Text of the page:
Safe bet that's a reference to testimony by Mark Meadows's former assistant Cassidy Hutchinson, who testified that Perry knew in advance that the "peaceful" rally goers on the Ellipse were going to head to the Capitol after the president and his goons spent hours winding them up.
The letters to Biggs and Brooks, both of which went out last week and are just being made public today, contain some very specific and pointed references to information the Committee has already collected on the congressmen.
The Committee cites evidence that Biggs pushed the nonsensical legal theory that Vice President Mike Pence had the unilateral authority to reject electoral votes, and participated in planning the rally, a fact referenced by wingnut ring leader Ali Alexander in a video he posted online. As Biggs is no doubt aware, Alexander not only testified before the Committee, but also received a grand jury subpoena, indicating that the Justice Department is conducting its own inquiry into the events of January 6.
"We have information regarding your efforts to persuade state legislators and officials that the 2020 election was stolen and/or to seek assistance from those individuals in President Trump’s efforts to overturn the election," the letter adds, before warning ominously that, "Certain communications that you had with Mark Meadows relate to this topic."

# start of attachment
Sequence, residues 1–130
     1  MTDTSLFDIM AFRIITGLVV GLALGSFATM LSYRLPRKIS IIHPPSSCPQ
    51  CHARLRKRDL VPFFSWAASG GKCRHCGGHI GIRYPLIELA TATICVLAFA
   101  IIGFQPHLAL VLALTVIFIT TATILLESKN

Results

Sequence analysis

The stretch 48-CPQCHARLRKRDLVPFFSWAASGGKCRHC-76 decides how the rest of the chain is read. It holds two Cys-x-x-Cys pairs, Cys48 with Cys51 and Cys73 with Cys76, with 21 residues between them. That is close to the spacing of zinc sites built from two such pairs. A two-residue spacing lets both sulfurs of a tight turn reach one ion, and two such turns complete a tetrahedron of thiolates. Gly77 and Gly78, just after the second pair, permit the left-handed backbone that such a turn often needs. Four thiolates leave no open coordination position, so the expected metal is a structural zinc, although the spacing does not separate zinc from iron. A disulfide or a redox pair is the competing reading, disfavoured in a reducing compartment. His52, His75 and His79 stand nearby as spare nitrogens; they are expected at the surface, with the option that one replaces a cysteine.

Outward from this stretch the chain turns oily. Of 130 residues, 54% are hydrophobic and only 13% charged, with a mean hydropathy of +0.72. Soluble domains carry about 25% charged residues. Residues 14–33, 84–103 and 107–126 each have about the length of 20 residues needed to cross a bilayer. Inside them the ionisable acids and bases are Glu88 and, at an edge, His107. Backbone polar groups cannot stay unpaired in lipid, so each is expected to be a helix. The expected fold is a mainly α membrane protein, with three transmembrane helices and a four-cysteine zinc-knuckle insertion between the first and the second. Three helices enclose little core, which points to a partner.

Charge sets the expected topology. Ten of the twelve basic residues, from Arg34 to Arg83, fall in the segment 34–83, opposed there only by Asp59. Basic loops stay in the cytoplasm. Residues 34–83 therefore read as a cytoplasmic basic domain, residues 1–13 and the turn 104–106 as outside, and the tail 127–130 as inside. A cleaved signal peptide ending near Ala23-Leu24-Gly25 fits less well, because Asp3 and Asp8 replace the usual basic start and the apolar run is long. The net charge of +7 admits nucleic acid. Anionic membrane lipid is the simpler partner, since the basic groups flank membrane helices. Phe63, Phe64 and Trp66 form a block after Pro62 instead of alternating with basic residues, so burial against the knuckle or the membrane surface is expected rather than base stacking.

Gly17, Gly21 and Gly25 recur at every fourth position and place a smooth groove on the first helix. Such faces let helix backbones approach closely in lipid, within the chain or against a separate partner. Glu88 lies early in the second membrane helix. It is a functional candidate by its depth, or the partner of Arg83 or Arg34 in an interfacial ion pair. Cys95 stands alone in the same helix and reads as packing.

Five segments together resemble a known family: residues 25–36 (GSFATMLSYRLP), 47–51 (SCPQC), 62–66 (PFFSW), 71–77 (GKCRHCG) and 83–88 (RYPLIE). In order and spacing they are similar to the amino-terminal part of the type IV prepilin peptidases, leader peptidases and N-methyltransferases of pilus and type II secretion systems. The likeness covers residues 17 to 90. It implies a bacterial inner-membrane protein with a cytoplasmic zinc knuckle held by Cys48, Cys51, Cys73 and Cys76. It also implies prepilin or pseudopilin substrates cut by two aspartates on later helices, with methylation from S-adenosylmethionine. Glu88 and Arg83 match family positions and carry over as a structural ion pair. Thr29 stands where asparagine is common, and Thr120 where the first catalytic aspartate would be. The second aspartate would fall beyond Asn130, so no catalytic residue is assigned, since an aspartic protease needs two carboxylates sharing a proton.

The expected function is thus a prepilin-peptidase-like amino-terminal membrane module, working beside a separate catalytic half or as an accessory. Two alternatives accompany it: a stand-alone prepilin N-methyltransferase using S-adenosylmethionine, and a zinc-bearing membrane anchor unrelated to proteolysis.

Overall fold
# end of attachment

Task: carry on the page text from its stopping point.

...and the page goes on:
It concludes with a reference to efforts to secure pardons for those involved in fomenting the Capitol Riot:
Finally, recent information from former White House personnel has identified an effort by certain House Republicans after January 6th to seek a presidential pardon for activities taken in connection with President Trump’s efforts to overturn the results of the 2020 presidential election. Your name was identified as a potential participant in that effort. We would like to understand all the details of the request for a pardon, more specific reasons why a pardon was sought, and the scope of the proposed pardon.
As for Brooks, who was recently un-endorsed by Donald Trump in the Alabama Senate race, the Committee appears to be offering him a chance at revenge. Although Brooks spoke at the pre-riot rally and was an aggressive advocate of the Big Lie about a stolen election, he recently put a little daylight between himself and the former president's obsessive efforts to get back in the White House by hook or by crook. (Mostly by crook, TBH.)
President Trump asked me to rescind the 2020 elections, immediately remove Joe Biden from the White House, immediately put President Trump back in the White House, and hold a new special election for the presidency. As a lawyer, I’ve repeatedly advised President Trump that January 6 was the final election contest verdict and neither the U.S. Constitution nor the U.S. Code permit what President Trump asks. Period.
Is Brooks dumb and/or desperate enough to turn on his former hero? Probably not, although we are talking about someone who was rejected by his own constituents in favor of a guy who was accused of touching teenagers, so it's probably worth a shot.
Get ready for Hot Committee Summer, kids. These hearings are gonna be LIT.
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Liz Dye lives in Baltimore with her wonderful husband and a houseful of teenagers. When she isn't being mad about a thing on the internet, she's hiding in plain sight in the carpool line. She's the one wearing yoga pants glaring at her phone.